Cancer Institute A national cancer institute
designated cancer center

Robert Negrin

Publication Details

  • Engineering hematopoietic grafts: Purified allogeneic hematopoietic stem cells plus expanded CD8(+) NK-T cells in the treatment of lymphoma BIOLOGY OF BLOOD AND MARROW TRANSPLANTATION Verneris, M. R., Ito, M., Baker, E., Arshi, A., Negrin, R. S., Shizuru, J. A. 2001; 7 (10): 532-542

    Abstract:

    A major benefit of allogeneic hematopoietic cell transplantation (HCT) in the treatment of malignancies is the graft-versus-tumor (GVT) effect conferred by lymphocytes contained within the graft. However, lymphocytes can also induce the potentially lethal complication of graft-versus-host disease (GVHD). We have previously reported a method of generating large numbers of ex vivo activated and expanded T cells with antitumor activity after culture with interferon-y, cross-linking antibodies to CD3, and interleukin-2. Murine splenocytes expanded under these conditions are a heterogeneous population of which approximately 20% to 60% of cells express natural killer (NK)-cell markers (NK1.1 and DX5) and display major histocompatibility complex (MHC)-unrestricted antitumor activity. Here we demonstrate the in vivo antitumor activity of this population of expanded CD8+ NK-T cells when transplanted across MHC barriers into tumor-bearing hosts. In cotransfer studies with purified allogeneic hematopoietic stem cells, expanded CD8+ NK-T cells confer GVT activity with minimal to no GVHD. In vitro studies show that, although expanded NK-T cells lyse normal allogeneic bone marrow cells, they preferentially mediate cytolysis against tumor targets. These cells persist in the peripheral circulation of host animals for at least 3 weeks posttransfer. GVT activity is dependent on perforin, but not on Fas-ligand. We conclude that expanded CD8+ NK-T cells may serve as a valuable adjuvant population for allogeneic HCT because they mediate GVT effects with minimal GVHD.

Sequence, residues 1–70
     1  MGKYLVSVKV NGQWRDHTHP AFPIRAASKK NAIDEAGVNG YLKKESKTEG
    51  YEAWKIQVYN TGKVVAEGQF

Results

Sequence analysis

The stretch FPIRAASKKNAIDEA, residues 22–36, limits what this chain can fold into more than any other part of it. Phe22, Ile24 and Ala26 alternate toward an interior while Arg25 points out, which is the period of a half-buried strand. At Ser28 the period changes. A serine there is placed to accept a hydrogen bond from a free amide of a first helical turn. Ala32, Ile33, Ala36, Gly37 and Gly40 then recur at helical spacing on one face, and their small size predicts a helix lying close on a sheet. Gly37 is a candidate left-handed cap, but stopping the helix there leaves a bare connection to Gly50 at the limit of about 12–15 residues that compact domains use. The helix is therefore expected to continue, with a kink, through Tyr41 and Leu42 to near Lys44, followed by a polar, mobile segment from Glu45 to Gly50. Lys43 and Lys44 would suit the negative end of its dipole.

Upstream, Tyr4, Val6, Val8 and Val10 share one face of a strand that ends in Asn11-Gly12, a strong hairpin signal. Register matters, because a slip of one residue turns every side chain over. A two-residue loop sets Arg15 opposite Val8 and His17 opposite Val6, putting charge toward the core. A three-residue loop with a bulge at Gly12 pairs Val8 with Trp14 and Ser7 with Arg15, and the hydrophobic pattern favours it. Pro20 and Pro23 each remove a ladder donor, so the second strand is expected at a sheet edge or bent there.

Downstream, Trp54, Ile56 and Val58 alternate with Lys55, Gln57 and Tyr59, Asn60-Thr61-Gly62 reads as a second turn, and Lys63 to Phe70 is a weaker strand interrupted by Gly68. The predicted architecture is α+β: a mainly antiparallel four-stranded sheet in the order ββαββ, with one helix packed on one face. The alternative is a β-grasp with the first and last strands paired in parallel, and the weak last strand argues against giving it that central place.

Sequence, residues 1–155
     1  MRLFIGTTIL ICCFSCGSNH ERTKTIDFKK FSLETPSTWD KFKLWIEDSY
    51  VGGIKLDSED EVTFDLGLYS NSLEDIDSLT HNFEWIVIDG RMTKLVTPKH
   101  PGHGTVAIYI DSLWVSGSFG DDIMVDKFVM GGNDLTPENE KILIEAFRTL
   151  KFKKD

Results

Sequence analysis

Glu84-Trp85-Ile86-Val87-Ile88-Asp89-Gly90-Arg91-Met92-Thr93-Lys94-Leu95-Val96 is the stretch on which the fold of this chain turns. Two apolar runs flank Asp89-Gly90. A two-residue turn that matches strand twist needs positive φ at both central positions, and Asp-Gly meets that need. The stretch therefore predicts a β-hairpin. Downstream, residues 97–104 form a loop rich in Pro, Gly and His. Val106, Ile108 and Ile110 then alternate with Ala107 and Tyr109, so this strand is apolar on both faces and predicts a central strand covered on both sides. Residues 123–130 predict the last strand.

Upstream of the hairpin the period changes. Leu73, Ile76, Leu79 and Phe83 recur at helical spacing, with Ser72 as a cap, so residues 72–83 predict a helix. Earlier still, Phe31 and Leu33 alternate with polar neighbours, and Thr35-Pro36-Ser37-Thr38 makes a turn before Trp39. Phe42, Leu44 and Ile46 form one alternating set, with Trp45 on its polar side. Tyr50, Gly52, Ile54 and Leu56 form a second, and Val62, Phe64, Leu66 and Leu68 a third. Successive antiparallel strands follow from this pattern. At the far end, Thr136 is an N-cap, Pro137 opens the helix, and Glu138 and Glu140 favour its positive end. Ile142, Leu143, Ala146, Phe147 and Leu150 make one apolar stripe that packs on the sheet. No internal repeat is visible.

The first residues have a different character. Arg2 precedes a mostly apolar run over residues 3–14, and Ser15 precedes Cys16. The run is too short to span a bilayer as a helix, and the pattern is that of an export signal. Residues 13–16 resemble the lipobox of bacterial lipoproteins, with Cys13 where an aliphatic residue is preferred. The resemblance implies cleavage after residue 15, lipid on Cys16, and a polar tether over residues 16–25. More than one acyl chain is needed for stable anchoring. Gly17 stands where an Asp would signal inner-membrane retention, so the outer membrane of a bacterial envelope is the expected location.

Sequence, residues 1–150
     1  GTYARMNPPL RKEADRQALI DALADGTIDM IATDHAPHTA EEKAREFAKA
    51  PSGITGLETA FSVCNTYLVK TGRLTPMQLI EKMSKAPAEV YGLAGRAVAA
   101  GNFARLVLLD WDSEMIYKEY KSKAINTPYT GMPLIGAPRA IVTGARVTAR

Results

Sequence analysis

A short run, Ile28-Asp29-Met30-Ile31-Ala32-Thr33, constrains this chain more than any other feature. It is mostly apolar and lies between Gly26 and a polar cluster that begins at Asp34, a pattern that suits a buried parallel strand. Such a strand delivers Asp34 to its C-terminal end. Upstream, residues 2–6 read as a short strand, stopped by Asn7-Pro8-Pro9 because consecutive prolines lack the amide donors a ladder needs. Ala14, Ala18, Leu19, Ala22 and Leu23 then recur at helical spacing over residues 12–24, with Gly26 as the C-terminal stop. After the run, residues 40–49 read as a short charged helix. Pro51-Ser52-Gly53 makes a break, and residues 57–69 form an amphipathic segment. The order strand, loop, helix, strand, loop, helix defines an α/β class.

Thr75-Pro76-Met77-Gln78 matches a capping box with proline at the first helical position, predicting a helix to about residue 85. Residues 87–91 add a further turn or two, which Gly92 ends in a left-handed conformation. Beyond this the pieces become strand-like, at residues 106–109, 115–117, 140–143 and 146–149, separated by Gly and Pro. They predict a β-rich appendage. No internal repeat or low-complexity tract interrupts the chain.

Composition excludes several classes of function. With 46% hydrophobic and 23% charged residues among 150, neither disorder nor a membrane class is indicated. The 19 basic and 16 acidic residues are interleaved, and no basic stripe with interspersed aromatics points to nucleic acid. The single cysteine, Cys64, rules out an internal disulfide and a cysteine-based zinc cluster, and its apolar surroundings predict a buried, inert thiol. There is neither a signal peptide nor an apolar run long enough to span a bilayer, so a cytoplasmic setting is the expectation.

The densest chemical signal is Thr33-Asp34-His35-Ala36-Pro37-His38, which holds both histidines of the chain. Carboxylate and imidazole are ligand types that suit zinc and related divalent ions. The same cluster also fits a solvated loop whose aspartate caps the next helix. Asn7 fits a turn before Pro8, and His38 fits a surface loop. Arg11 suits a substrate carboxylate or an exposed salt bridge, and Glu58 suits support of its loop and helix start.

View details for Web of Science ID 000172275500002

    View details for PubMedID 11760085

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